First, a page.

// cannot use SeqSlice[int64]{…} as type SeqSlice[int] in argument to show.
show.Print(SeqSlice[int64]{1, 2, 3, 4, 5})
```

The abstraction is suitable for the abstraction purpose but the nature of interface at Golang makes it possible to bypass compile type checks, which makes this pattern weak to implement pure functional abstractions like Functor, Applicative, Monads and others. The better and type safe solution for higher-kinded polymorphism is required.

## Higher-kinded types with defunctionalization

Since Golang does not support higher-kinded type variables to represent type constructors, the application suffers from abstracting over type expressions of higher kind. Fortunately, the problem has been solved a long time ago by John Reynolds, who has introduced defunctionalization as a technique for translating higher-order programs into a first-order language. His approach has been adopted by Jeremy Yallop and Leo White to OCaml type system. Please read a detailed explanation about the solution from the “Lightweight higher-kinded polymorphism” paper.

The defunctionalization transforms a computation with higher-kinded type expressions into a computation where all type expressions are of kind `*`

. The solution is the abstract type constructor `HKT`

that represents an idea of parametrized container type `F[A]`

.

```
// HKT[F, A] ∼ F[A]
type HKT[F, A any] interface{}
```

The `HKT`

type eliminates higher-kinded type expressions `F[A]`

, each container type is bound with a distinct instance of the kind `type SeqKind[A any] HKT[_, A]`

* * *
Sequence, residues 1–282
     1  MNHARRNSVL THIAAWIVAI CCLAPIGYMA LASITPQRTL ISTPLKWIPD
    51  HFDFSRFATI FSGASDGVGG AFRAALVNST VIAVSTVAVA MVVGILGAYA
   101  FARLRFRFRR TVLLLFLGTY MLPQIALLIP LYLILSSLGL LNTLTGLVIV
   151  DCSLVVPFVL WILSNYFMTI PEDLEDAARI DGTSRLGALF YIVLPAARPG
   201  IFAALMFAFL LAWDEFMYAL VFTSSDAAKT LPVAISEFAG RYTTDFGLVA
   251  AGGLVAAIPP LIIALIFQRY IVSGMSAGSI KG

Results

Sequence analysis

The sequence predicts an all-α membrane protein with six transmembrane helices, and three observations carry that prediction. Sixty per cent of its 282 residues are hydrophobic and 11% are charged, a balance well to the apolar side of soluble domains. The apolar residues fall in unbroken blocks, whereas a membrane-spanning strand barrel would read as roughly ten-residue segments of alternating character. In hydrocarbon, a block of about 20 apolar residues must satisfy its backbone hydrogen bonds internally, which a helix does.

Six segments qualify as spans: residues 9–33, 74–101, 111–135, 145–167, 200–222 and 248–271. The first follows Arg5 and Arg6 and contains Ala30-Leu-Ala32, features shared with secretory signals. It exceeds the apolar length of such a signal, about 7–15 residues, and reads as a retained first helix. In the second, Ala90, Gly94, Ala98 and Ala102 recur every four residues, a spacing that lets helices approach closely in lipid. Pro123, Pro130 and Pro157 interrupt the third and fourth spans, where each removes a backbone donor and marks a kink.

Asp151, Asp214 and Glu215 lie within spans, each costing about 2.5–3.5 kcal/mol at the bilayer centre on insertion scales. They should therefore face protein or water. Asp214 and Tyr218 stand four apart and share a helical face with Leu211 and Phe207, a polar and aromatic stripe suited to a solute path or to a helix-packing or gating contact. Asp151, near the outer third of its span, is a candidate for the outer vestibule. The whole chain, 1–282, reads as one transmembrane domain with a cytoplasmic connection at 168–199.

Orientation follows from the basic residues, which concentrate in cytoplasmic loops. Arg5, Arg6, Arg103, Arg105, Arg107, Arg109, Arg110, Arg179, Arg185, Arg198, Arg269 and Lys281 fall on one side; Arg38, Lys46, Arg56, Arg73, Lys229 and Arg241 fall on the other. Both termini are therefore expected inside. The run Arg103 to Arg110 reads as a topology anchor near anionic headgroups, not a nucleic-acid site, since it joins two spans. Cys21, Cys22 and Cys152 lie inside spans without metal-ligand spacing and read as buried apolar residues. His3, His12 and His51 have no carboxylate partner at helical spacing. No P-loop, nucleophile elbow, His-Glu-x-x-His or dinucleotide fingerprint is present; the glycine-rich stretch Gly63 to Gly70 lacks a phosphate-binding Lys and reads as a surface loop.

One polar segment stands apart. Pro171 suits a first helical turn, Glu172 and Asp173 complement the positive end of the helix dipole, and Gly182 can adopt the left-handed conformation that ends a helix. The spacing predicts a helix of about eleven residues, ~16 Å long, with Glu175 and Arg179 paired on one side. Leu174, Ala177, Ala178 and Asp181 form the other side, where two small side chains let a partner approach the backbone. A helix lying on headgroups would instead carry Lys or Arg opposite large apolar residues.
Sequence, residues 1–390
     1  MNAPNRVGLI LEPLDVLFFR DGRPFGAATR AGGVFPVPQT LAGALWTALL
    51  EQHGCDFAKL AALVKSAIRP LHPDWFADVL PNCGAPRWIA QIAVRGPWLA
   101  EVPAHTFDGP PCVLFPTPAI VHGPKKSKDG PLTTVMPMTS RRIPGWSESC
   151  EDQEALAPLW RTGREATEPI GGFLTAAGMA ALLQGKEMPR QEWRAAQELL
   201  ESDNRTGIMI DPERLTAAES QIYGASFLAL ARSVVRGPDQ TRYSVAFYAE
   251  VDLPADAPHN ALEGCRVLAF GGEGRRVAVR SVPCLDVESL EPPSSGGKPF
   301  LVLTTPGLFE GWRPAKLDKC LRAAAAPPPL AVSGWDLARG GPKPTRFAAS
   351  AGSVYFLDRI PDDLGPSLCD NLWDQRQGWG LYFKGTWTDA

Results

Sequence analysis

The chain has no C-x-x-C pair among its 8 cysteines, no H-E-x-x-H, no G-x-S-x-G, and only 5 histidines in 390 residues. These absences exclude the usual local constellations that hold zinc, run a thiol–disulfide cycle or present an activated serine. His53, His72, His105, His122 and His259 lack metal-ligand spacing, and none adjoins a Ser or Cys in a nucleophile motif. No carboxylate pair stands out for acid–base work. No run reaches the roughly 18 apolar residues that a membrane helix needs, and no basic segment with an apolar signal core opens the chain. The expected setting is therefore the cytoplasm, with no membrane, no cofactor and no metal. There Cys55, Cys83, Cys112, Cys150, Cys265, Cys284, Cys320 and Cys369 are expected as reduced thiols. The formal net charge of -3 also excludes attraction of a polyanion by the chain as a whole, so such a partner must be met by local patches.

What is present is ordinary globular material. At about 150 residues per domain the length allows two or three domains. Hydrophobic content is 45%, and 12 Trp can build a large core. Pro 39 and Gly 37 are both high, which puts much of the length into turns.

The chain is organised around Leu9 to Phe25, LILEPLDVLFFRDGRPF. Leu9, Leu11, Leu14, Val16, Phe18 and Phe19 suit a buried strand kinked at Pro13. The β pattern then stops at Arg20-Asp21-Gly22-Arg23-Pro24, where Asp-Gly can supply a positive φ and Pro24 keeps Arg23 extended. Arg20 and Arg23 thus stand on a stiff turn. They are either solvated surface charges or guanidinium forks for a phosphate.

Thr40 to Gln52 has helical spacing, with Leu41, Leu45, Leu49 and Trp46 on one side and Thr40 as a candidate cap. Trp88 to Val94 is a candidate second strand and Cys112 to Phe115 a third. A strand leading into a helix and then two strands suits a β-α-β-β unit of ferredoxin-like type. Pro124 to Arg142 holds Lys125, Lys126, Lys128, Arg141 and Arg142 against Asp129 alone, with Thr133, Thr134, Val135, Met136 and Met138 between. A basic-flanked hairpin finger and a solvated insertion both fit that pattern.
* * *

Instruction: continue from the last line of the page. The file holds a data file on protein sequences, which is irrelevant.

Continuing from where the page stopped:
. The usage of this approach requires the definition of polymorphic context, any opaque type (called brand) that restricts the type instance to the kind of container. The `HKT`

allows abstract computation over generic container types and also annotates a type trait. The following definition implies that trait `Seq`

operates with higher-kinded type `F[A]`

.

```
// opaque type to define polymorphic context of Seq
type SeqType interface{}
// `* ⟼ *` type constructor
type SeqKind[A any] HKT[SeqType, A]
type Seq[F_, A any] interface {
SeqKind[A]
// ...
}
```

With `HKT`

, it is possible to define polymorphic and composable computation over the kind of container `F[A]`

types.

```
type Unary[T_, F_, A any] func(F_)
func (f Unary[T_, F_, A]) FMap(fa HKT[T_, A]) { f(fa.(F_)) }
```

## Hardening higher-kinded types

The defined `HKT`

type suffers from type safety on the edge cases because the defined abstract type is equivalent to `interface{}`

, which stands for any type in Golang. As a result, computation can leak types. Let’s consider a Functor abstraction

```
// just an abstraction that map f over container F[A], producing container F[B]
type Functor[
A any, FA SeqKind[A],
B any, FB SeqKind[B],
] func(f func(A) B, a FA) FB
func (fn Functor[A, FA, B, FB]) FMap(f func(A) B, fa FA) FB { return fn(f, fa) }
/*